Viktor Bodó [who plays Dr. János Drexler] hadn’t taken an acting role for more than 10 years — he works as a theater director, putting on successful productions all over Europe. I saw him a number of times on stage in my teenage years — I knew he was a great actor, with an astounding presence. So there was no question about his acting, only whether he felt like doing it again. I think our meeting occurred at a lucky moment. Our project arrived in his life at the very moment he became open to the mental challenge of giving his all as an actor to a different director’s project.
Preceding the shooting of “The Wednesday Child,” I held an intense acting training for Kinga Vecsei [the lead performer]. But otherwise, there was no big difference in the way I directed the actors in the two films. I treat non-professional actors also as equal partners, and those professional actors who approach a role with the tricks of their craft don’t really interest me. We start building together from zero, even with an experienced actor. We still have to explore all the motivations, to find the character’s walk, tone of speech, and all the fine details that create the truth of a role.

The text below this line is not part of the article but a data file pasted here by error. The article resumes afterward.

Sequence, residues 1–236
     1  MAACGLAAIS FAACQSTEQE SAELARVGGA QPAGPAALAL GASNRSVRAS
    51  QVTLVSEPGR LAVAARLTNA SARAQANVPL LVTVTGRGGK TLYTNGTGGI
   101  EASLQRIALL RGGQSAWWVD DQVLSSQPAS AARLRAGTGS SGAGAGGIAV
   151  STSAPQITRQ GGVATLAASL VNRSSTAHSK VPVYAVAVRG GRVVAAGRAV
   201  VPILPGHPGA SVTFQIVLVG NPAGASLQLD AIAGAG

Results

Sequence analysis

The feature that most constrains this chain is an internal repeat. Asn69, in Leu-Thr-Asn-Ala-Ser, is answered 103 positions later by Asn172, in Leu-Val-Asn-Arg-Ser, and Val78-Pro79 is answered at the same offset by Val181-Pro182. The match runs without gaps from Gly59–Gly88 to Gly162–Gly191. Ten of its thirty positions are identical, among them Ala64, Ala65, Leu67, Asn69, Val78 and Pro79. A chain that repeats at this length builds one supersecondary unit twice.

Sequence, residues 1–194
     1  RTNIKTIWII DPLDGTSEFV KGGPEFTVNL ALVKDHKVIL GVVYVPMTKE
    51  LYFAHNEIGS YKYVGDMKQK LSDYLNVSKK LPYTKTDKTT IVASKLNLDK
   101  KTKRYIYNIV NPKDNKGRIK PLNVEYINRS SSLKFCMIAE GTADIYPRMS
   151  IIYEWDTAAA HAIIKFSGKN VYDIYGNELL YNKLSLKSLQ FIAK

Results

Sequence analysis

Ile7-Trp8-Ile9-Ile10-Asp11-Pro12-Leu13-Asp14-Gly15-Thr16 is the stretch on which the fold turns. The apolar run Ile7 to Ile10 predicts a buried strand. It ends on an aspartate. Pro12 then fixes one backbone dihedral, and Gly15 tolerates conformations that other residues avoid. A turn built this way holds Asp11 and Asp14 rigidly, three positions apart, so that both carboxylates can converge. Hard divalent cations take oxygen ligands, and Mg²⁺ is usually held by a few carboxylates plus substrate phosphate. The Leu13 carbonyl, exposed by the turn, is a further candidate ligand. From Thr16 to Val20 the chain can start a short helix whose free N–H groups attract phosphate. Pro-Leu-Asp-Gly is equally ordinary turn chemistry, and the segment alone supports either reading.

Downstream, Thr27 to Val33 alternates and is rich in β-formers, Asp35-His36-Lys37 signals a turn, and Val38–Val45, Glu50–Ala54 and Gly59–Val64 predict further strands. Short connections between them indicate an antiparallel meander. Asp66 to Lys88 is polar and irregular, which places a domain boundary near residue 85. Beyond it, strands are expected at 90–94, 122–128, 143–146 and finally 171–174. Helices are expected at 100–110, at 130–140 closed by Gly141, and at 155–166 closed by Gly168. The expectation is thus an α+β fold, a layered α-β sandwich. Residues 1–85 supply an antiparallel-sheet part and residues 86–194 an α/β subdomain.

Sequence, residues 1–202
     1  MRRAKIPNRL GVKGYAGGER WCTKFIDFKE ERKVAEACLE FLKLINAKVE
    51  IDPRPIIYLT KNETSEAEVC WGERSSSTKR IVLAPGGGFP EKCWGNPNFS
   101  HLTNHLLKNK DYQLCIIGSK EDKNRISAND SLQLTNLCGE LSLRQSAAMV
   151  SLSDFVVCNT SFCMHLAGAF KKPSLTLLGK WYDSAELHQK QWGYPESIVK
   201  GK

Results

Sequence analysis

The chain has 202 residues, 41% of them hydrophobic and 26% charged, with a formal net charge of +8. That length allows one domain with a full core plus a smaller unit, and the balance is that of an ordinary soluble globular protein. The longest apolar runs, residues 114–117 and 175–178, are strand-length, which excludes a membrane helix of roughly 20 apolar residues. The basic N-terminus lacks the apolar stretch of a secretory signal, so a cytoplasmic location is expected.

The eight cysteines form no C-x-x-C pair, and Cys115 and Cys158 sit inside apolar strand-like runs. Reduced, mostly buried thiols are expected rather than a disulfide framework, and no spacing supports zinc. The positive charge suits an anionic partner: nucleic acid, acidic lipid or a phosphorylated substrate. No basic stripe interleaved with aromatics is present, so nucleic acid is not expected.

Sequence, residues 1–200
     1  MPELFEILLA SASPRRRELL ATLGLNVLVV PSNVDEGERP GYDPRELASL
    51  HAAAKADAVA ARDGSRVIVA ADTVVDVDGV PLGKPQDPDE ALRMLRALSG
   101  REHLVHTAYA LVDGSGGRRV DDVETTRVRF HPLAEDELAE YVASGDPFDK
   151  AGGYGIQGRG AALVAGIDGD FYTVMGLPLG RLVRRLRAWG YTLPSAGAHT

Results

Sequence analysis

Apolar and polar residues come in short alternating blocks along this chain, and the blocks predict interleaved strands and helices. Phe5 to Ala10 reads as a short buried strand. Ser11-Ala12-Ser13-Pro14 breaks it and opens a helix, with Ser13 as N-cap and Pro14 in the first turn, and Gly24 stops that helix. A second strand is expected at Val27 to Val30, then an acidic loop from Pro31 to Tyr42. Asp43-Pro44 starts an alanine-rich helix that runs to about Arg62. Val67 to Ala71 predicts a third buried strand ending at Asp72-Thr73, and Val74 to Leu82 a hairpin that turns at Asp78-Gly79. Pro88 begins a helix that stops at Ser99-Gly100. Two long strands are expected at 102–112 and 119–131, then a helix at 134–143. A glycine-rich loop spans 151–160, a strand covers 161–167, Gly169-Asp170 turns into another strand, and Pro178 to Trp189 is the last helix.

As I was watching “Preparations,” I was thinking about Krzysztof Kieslowski’s “La Vie Double de Véronique” and also Ildikó Enyedi’s “On Body and Soul.” Are there some filmmakers that you think have influenced you here? Or writers?
Kieslowski’s female characters served as references in the development of Márta’s character, as did other obsessed female figures, such as Kleist’s Käthchen von Heilbronn, Madeleine in Hitchcock’s “Vertigo” or Truffaut’s “Adèle H.”